economies cannot predict environmental
payos with any real condence. Tools
that work well for others may not for
them. Thats why China and India are
hesitant to sign legally binding treaties,
which would put them on the hook to hit
targets that could prove much harder to
reach than anticipated. They dont want
to undertake costly reforms that might
not have the predicted benets, and they
do not want to risk the hefty criticism
that failure to abide by a treaty would
surely bring.
Chinese and Indian leaders realize
theyll be judged by their contributions to
a cleaner environment, and they embrace
the challenge. (Recently in India, more
than 20 major industry players launched
an initiative to cut emissions.) And they
are apt to be less guarded on the interna-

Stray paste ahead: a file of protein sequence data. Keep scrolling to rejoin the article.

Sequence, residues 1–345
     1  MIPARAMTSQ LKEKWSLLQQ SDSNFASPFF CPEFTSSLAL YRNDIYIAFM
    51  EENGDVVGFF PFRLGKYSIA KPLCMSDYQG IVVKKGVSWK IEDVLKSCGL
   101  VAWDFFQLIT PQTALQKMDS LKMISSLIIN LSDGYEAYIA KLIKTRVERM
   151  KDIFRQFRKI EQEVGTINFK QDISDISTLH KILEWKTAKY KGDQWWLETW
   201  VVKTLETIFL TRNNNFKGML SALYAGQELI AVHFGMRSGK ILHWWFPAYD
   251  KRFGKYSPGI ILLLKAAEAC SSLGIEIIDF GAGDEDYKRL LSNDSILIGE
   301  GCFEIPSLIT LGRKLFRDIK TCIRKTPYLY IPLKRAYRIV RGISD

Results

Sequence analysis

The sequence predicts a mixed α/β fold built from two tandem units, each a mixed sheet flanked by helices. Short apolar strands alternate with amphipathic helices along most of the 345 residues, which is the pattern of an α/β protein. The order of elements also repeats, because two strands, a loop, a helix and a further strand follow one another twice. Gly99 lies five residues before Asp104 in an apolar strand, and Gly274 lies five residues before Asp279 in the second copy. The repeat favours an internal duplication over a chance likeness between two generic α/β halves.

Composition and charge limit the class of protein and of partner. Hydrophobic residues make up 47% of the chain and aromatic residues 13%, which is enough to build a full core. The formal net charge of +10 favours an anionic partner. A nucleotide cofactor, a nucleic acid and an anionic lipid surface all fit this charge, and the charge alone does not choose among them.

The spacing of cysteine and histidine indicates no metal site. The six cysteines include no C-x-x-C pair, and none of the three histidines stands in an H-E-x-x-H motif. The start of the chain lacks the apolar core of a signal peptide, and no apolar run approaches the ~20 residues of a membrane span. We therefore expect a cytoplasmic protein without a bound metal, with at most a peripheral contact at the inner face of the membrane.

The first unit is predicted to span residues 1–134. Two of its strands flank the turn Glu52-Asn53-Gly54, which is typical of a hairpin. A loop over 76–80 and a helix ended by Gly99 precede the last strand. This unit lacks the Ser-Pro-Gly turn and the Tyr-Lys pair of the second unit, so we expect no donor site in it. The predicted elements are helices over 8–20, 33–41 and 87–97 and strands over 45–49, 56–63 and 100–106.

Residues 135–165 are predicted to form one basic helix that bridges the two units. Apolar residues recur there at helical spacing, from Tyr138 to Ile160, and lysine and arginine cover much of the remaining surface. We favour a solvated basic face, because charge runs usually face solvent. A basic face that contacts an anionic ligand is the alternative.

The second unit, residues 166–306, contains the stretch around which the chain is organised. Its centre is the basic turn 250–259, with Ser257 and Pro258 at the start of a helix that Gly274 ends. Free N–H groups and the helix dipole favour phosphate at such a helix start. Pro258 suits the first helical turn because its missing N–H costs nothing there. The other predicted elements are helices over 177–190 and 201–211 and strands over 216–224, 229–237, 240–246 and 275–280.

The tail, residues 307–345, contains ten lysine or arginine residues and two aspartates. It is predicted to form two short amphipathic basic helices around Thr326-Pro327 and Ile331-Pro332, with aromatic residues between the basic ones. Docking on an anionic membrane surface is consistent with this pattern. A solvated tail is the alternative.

tional stage if a new climate agreement
functions as a measuring stick, not a
bludgeonmuch like the 2009 Copenha-
gen accord has done.
But Copenhagen
Was a Catastrophe.
NOT AT ALL.
IN DECEMBER 2009, THE U.N.S ANNUAL CLIMATE
conference, hosted in Copenhagen,
produced an agreement that is still
roundly condemned by environmental-
ists, the leaders of developing countries,
and political liberals alike. Unlike
the Kyoto Protocol, the agreement let
countries voluntarily set their own targets
for emissions cuts over 10 years. The city
of Copenhagen is a crime scene tonight,
the executive director of Greenpeace U.K.
declared when the deal was reached.
Lumumba Di-Aping, the chief negotiator
for a group of developing countries known
as the G-77, which had wanted major